Goats have lots of unusual friends.
There's the goat and the hippo.
And the goat and the giraffe.
I've done research on relationships between animals of different species, and goats are often in the mix. So perhaps the time has come to ask: Why are goats stepping out with all kinds of other critters?
Maybe goats just make good friends, so other animals are happy to hang out with them. They certainly have many of the key traits we all look for in a BFF.
On the farm, goats are loyal — to each other, at least. Researchers have observed evidence of real friendship between goats. "The data seems quite strong," said Elodie Briefer, a behavioral biologist at the Institute of Agricultural Sciences in Zurich, in an email. "Two social affiliates, so 'friends,' can be observed for almost the whole day side by side."
Whether that applies to cross-species buddies isn't known, she said, though anecdotal evidence suggests so. For instance, in Unlikely Friendships, I reported on a hippo at a South African wildlife reserve who seemed lonely, so the staff offered him a buddy, a pygmy goat. The two became inseparable. And in Unlikely Loves, I wrote about a very shy giraffe who shared his pen with a goat. The latter became not just a constant companion but a wingman — getting the female giraffe's attention and then "handing her off" to his buddy. At least that's how it appeared to the keepers.
Goats are emotional, too — and everyone likes a friend who's in touch with his or her feelings. Studies have shown that farm animals, including goats, are often sensitive to the moods (good and bad) and stress levels of others. And goats put those feelings out there by tilting ears forward, holding tails up and sounding off a lot when feeling sunny.
Goats are also smart. Just take a look at this study: "Goats excel at learning and remembering a highly novel cognitive task" (which involved going through many steps to get some grub).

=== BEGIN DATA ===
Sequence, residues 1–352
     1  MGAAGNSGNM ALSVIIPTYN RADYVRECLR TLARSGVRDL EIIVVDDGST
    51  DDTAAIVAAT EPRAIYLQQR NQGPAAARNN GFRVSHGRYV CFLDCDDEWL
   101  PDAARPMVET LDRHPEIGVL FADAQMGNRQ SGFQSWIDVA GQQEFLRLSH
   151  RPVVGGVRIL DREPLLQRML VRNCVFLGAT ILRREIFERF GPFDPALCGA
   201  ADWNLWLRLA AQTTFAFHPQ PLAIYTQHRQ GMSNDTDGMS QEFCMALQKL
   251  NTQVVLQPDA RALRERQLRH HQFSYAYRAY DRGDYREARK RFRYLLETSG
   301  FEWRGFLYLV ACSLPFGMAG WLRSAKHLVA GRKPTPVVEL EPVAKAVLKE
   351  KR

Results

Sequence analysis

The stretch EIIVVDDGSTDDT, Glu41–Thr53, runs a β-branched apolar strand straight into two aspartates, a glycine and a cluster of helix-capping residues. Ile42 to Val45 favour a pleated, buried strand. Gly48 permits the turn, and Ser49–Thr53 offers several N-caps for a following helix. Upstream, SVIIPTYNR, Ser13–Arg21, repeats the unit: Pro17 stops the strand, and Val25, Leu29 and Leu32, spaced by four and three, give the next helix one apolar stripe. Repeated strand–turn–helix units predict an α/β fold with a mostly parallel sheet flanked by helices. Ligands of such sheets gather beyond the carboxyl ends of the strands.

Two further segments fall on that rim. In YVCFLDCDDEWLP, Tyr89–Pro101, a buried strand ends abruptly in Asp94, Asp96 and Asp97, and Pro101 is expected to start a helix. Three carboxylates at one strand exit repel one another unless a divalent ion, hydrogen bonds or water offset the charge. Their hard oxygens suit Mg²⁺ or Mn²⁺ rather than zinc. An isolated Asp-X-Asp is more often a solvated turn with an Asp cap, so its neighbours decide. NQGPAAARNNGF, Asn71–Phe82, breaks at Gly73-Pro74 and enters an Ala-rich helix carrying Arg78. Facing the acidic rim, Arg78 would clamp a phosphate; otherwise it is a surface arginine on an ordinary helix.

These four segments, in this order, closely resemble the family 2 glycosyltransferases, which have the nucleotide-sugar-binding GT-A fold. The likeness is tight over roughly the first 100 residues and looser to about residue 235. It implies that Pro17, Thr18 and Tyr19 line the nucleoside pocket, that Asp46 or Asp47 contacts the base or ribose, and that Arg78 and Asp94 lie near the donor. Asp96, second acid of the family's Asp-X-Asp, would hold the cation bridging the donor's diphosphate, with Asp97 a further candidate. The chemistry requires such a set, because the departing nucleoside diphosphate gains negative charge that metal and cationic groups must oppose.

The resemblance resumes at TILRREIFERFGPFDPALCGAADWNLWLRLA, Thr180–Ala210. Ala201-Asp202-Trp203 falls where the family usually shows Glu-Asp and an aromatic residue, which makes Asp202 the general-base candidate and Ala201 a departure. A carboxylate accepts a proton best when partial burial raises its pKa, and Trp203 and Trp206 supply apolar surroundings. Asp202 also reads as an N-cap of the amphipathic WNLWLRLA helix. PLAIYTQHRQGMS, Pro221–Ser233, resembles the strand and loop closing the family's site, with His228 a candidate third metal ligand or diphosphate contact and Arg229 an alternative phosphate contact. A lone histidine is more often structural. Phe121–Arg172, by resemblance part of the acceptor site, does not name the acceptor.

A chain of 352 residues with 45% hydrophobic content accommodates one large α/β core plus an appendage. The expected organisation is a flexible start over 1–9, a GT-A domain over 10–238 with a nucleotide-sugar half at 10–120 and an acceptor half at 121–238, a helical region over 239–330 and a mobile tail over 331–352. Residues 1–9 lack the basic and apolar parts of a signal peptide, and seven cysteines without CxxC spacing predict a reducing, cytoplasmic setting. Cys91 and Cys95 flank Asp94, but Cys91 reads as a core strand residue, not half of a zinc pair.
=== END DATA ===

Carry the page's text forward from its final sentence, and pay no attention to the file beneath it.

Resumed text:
Like elephants, they don't forget. Even after 10 months, they remembered the steps that led to a meal. They also recall their kids' calls long after weaning. And we all want our friends to remember our birthday, or at least to recognize our voice.
Interestingly, despite strong bonds to the herd, goats aren't "social learners." That means they are pretty independent when it comes to problem solving, Briefer said. Maybe it's inefficient not to learn from your peers, but let's stretch and call that a good trait in a friend: No one likes a copycat.
And don't forget, goats are acrobatic clowns, happy to leap up on things (e.g., resting hippos) in a comical way. It must be fun to hang with a goat on a Saturday.
It doesn't hurt that goats are cute, with those little beards. And they're not too big to be cuddled (if they're not in a hoof-kicking or head-butting mood). So maybe that's why humans (and superhuman supermodels) are attracted to them.
No wonder Chrissy went with a goat for her photo shoot! Or maybe the cow refused to say "cheese."
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